The long-delayed murder trial of American Indian Movement (ALM) activists Paul Skyhorse and Richard Mohawk opens Wednesday amid defense charges that FBI and local authorities have improperly tampered with case.
Skyhorse, 33, and Mohawk, 27, were arrested in October, 1974, for the apparently motiveless murder of George Aird, a Los Angeles cab driver. Aird's body was found stuffed in a drain pipe, savagely beaten and stabbed 17 times, with a lock of hair cut off - an apparent throw back to Indian scalping rituals.
Since their arrest, the case has been through the longest series of pretrial motions in California history. Earlier this year, the trial was moved from Ventura, 40 miles north of Los Angeles, down here after the localbar association put on a skit called "The People against Tonto" which allegedly ridiculed the two defendants.
According to chief defense counsel Leonard Weinglass, Skyhorse and Mohawk are on trial more for their ALM involvement than for any connection to the murder. Originally, two Indians - Marvin Redshirt and Marcella Eaglestaff - and a white teenager, Holly Broussard, were charged with the crime. But later they were given limited immunity to testify against Skyhorse and Mohawk.
"Sure it's a political trial," said Weinglass, a longtime defender of political radicals including Symbionese Liberation Army members William and Emily Harris. "They're going after these two ALm organizers without any physical evidence - no murder weapon, blood stains, no anything - and are trying to get them for murder. This whole thing cries out for an explanation."
Peter Kossoris, deputy district attorney for Ventura County, denied any political motivation behind the trial.
"Our position is it's just another murder case," Kossoris said. "A murder is a serious thing, but the only issue is whether they did it or not."
Louis Samonski Jr., another Ventura County deputy district attorney and the man now leading the prosecution effort, acknowledged there is little physical evidence tying the defendants to the murder except for some Type A blood - the same type as Aird's - found on Skyhorses's boot after his arrest.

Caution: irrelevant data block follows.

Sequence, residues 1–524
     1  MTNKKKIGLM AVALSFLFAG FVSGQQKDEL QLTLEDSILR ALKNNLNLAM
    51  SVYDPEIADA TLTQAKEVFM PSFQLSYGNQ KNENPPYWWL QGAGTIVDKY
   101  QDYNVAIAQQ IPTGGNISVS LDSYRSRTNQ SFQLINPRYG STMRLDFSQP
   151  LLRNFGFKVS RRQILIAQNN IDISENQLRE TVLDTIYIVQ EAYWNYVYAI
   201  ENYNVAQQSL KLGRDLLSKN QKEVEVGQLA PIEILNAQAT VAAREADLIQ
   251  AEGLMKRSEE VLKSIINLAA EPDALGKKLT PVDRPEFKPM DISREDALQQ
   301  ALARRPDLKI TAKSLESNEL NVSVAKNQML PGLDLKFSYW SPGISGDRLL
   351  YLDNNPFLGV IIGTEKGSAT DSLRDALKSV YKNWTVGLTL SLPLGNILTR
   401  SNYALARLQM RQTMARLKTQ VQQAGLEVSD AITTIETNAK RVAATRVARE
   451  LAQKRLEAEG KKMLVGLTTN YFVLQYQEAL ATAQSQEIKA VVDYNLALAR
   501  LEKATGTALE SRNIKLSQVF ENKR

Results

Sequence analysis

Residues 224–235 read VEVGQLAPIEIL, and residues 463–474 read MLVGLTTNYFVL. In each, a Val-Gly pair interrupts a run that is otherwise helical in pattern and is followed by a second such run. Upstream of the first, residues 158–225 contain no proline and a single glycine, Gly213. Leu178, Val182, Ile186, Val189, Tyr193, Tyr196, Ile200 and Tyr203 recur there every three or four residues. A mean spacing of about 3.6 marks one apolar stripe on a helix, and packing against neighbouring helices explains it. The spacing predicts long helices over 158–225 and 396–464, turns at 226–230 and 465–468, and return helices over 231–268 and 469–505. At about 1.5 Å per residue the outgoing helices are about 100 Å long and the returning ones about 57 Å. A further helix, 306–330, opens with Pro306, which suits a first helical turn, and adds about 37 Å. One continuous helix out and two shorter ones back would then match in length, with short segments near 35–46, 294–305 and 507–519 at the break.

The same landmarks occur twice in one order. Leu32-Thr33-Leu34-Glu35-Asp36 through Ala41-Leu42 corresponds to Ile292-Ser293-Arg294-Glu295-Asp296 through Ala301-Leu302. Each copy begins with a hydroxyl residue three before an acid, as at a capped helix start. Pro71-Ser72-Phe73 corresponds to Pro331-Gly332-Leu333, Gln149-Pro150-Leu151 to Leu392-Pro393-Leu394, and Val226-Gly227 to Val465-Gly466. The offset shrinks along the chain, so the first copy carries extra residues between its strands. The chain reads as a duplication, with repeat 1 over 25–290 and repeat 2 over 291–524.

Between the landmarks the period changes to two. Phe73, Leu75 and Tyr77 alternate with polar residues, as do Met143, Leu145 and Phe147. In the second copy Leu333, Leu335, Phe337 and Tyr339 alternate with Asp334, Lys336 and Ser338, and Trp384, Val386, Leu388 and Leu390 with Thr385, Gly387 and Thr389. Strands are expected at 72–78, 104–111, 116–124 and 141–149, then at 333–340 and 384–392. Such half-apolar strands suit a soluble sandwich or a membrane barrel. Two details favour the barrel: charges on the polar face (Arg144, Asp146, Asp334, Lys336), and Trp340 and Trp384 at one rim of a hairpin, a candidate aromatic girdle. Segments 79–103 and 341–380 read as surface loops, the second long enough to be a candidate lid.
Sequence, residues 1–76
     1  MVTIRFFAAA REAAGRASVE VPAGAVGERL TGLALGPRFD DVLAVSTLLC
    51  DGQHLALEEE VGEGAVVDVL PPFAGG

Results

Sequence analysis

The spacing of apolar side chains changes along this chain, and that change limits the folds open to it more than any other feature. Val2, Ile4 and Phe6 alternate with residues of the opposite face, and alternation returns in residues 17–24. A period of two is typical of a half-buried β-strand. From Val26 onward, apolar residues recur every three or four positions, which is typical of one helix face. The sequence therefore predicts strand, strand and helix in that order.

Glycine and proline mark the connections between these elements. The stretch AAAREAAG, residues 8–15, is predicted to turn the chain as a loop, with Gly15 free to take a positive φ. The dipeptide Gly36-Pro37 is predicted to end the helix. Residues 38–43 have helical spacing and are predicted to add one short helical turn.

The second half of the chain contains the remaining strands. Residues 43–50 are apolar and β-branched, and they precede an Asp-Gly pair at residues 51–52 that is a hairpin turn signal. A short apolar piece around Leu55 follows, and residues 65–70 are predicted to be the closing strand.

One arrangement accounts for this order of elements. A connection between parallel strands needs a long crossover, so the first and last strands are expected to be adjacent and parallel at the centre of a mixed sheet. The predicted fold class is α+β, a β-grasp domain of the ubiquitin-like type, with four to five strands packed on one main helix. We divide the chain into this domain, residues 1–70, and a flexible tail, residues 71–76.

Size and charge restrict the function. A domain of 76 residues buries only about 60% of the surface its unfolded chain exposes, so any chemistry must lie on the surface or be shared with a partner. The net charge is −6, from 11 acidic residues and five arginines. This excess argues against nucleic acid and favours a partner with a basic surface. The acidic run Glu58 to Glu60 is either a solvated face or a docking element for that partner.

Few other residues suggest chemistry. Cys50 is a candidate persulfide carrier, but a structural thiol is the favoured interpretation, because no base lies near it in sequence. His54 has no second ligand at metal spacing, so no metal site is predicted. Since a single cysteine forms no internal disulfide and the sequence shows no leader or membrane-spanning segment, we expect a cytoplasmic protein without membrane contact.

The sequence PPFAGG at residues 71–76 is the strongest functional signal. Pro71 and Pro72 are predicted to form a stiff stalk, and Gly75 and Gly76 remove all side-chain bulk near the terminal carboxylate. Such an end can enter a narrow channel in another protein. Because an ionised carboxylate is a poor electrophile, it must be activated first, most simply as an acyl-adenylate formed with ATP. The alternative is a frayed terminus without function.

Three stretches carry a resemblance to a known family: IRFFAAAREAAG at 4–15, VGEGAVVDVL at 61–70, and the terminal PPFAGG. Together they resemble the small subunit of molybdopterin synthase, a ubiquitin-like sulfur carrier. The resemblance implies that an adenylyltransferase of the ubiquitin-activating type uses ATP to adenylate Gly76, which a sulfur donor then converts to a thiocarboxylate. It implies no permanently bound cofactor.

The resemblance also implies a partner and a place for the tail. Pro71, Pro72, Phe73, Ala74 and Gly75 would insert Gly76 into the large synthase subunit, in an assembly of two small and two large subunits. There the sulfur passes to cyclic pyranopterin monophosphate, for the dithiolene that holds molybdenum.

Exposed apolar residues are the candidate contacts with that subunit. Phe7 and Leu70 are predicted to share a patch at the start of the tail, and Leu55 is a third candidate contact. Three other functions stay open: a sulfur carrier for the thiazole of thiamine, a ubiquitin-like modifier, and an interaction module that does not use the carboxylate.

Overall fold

But Somanski said the prosecution is firmly grounded on the eyewitness testimony or Redshirt, Broussard and Eaglestaff, all of whom, he said, saw the defendants murder Aird.
Defense counsel also suggests that Skyhorse and Mohawk's case was improperly tampered with by Douglas Durham, now an admitted FBI informant but then a top AIM official. Durham successfully worked to disassociate AIM from the defendants during the period immediately following their arrests.
Weinglass said the role of Durham and Virginia Deluce, another FBI information will be explored thoroughly during the trial, revealing a possible FBI plot to "take advantage of this senseless murder."
John Morrison, an FBI spokesman in Los Angeles, refused to comment on the trial or Weinglass' statement, calling the affair "purely a local matter."
Since Durham surfaced as an FBI informant, AIM leaders, including Russell Means and Dennis Banks, have rallied to the support of Skyhorse and Mohawk. In addition, the National Council of Churches and the Southern California Chapter of the American Civil Liberties Union are raising money to pay for the services of the defense team.
Today, on the eve of the trial, Weinglass filed a $2 million complaint in federal court here charging that Los Angeles and Venture County authorities coerced three Los Angeles County Jail inmates into giving false statements against Skyhorse and Mohawk. The three accused the defendants of forcibly taking food and committing sex with inmates. They said the defendants threatened to commit scalping murders on them, as they allegedly did to Aird, if they didn't obey.
In his complaint, Weinglass included depositions from the three men admitting they were coerced by authorities to make the false statements. Weinglass said he expects to use this incident and others to provide the basis for dismissal motions later on during the trial.
Los Angeles and Ventura County officials today denied the charge in the defense complaint.